This unique program includes a play, Family Tracks, and a discussion that experts from UofL Pediatric Forensic Medicine and several community agencies that serve women and families will lead.

Family Tracks is the first act of a full-length play about a woman’s struggles as a survivor of child sexual abuse. Gloria Pressley-McGruder, EdD, wrote it with support from a Kentucky Foundation for Women artist enrichment award. Pressley-McGruder is the assistant program director of the UofL Area Health Education Centers, which provides clinical rotation sites for medical, dental and allied health students at eight locations around the state.

Although she describes herself as a playwright wannabe she already has achieved play-writing success. Her first play was included in the ninth annual Juneteenth Jamboree of New Plays at Actor’s Theatre in Louisville. In February 2011, another of her plays will be presented at Berea Arena Theatre.

UofL Today spoke to Pressley-McGruder about her play and this unique approach to educating the public about a difficult subject.

UofL Today: What is Family Tracks about?

Pressley-McGruder: A family realizes that their daughter is behaving — dancing — inappropriately. They don’t know where it’s coming from. They are frightened because others have noticed it, also. No one accuses them of abuse but her dancing raises questions. The parents are afraid to seek help, knowing that sometimes when people reach out for help they lose their children.

UofL Today: Why did you write the play?

Pressley-McGruder: I have some family history. The parents were based on my own parents. They are young like my own, struggling with four kids. Abuse is part of my father’s background. It scarred him.

UofL Today: Where did the idea for this play come from?

Pressley-McGruder: The idea came from an encounter I had earlier in my career. I was out of town and needed to meet with a man who had to be at home when his legal ward returned from school.

The child walked in and started dancing to get attention. Her dancing was too provocative so I just knew that she had been sexually abused. She was only 8 years old and had been taken from her home. I assumed he was working with social services and that he was told to ignore her when she danced. He never acknowledged her dancing and I didn’t either.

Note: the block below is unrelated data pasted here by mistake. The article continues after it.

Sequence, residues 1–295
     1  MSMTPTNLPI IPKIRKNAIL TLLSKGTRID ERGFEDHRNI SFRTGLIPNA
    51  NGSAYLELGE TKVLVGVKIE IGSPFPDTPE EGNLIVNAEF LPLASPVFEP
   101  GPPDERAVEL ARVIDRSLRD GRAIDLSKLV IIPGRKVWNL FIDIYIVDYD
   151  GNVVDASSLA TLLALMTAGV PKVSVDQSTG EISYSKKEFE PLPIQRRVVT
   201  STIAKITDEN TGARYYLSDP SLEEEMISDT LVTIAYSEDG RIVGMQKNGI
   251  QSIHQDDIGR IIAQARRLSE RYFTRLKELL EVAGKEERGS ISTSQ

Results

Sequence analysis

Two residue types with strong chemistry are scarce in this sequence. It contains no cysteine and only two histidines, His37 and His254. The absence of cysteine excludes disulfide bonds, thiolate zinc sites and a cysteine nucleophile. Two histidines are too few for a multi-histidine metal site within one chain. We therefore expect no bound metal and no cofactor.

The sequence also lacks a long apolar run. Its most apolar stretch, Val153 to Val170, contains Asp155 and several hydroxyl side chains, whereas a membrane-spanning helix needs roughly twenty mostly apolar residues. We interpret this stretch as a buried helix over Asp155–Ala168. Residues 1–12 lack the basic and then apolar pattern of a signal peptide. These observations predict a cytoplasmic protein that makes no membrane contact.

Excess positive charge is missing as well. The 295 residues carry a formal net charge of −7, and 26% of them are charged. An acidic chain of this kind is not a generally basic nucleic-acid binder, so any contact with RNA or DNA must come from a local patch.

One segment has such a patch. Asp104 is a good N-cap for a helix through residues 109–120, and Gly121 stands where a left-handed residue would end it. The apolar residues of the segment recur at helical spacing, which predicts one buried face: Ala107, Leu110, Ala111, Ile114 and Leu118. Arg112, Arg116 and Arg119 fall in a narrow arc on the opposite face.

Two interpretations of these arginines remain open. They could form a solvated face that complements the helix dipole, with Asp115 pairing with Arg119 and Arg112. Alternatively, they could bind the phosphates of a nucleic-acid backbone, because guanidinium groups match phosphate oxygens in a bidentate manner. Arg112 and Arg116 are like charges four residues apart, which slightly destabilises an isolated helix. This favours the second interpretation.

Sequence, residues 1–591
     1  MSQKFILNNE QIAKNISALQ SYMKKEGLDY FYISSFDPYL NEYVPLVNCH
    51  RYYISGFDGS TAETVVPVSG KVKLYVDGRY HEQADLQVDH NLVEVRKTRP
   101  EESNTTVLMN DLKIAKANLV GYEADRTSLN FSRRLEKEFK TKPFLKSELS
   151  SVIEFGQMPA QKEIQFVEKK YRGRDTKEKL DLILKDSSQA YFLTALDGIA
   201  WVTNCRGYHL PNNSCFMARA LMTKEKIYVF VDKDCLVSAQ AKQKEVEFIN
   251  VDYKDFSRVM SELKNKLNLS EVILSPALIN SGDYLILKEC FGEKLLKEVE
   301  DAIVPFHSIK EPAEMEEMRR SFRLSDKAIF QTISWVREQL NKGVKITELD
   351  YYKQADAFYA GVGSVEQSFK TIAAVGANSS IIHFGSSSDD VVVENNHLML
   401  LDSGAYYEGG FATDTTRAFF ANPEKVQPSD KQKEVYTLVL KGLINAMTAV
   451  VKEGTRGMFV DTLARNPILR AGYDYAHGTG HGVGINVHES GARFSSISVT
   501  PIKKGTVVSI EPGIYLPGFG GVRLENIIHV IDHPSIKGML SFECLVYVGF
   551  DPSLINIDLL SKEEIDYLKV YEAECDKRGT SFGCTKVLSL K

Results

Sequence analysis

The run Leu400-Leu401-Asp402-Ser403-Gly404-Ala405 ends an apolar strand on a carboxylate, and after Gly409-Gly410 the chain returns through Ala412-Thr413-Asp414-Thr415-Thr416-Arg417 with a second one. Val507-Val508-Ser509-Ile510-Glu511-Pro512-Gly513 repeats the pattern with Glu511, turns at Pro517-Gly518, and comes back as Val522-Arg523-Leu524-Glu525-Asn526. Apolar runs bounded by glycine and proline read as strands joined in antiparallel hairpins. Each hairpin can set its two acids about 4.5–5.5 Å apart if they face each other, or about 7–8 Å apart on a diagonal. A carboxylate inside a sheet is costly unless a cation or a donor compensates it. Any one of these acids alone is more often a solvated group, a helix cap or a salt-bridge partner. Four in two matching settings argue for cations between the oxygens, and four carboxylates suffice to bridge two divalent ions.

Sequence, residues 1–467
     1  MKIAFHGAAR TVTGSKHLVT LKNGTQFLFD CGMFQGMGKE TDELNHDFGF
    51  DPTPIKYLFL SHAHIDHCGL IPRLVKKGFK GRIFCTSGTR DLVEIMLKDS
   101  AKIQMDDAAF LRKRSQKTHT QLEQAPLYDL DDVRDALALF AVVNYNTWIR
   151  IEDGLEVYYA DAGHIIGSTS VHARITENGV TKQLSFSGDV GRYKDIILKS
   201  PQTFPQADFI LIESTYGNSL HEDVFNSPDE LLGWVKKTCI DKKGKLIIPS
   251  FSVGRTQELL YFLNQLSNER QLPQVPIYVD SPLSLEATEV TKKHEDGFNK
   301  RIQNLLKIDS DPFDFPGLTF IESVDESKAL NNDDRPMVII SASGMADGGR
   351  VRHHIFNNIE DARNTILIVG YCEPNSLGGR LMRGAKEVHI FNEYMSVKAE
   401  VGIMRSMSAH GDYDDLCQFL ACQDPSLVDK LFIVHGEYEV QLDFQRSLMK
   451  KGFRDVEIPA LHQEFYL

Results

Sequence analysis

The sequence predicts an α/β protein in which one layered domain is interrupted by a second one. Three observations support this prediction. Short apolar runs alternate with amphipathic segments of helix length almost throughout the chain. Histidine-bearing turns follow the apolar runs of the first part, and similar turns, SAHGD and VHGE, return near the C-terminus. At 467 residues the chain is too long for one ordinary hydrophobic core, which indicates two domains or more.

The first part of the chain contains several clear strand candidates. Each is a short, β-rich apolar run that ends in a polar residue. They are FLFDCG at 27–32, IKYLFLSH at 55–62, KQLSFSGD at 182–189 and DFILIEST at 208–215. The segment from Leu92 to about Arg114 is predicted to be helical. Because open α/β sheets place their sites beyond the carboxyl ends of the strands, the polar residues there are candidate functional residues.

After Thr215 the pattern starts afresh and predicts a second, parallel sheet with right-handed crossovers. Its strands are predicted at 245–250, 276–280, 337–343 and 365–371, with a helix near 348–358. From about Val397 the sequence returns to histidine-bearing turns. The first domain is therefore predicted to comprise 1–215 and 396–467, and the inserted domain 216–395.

That experience really shook me up. I had to pull over to the side of road after I drove away. That stayed with me. I knew that unless she got counseling, she would think that she needed to do these kinds of things to get attention. For a child, it’s about the attention, not sex.

UofL Today: You wrote the first act of this play with an educational conference in mind. Why?

Pressley-McGruder: I knew from the moment I wrote it that I wanted to be a part of a larger discussion, to help parents learn to help recognize the behaviors of a child who has been sexually abused. I am committed to using art as a tool for social change. In today’s society, you must embrace many tools.

I had an educational program in mind but faculty collaborators felt a research component was needed to ensure the materials and methods that result from this program will be grounded in science. So, information will be collected from the audience to evaluate this method of teaching about child sexual abuse. The play and panel discussion will be videotaped and used to teach parents, physicians and other health care providers about child sexual abuse.

UofL Today: Who else is involved with this project?

Pressley-McGruder: The Oct. 16 event at Lyman T. Johnson Middle School is sponsored by grants from the Office of Community Engagement and the UofL Department of Pediatrics and done in collaboration with numerous community agencies that support women, children and families in Louisville.

Several UofL people are involved. The play is directed by Laura Early, who teaches theater at the University of Louisville. Three of the five actors are UofL students.

Deborah Winders Davis, PhD, with UofL Pediatrics, is leading the project in collaboration with me. We’re working closely with two other pediatrics faculty, V. Faye Jones, MD, PhD, and Melissa Currie, MD. Bruce Gale, MS, with the Urban Studies Institute, and Deborah Potter, PhD, with the Department of Sociology, have also been important partners in this project.

UofL Today: About the play on Oct. 16 — is it open to the public?

Pressley-McGruder: Yes the play is free. Parents, professionals and concerned community members are invited. This play is for adults, not children, so free child care is provided.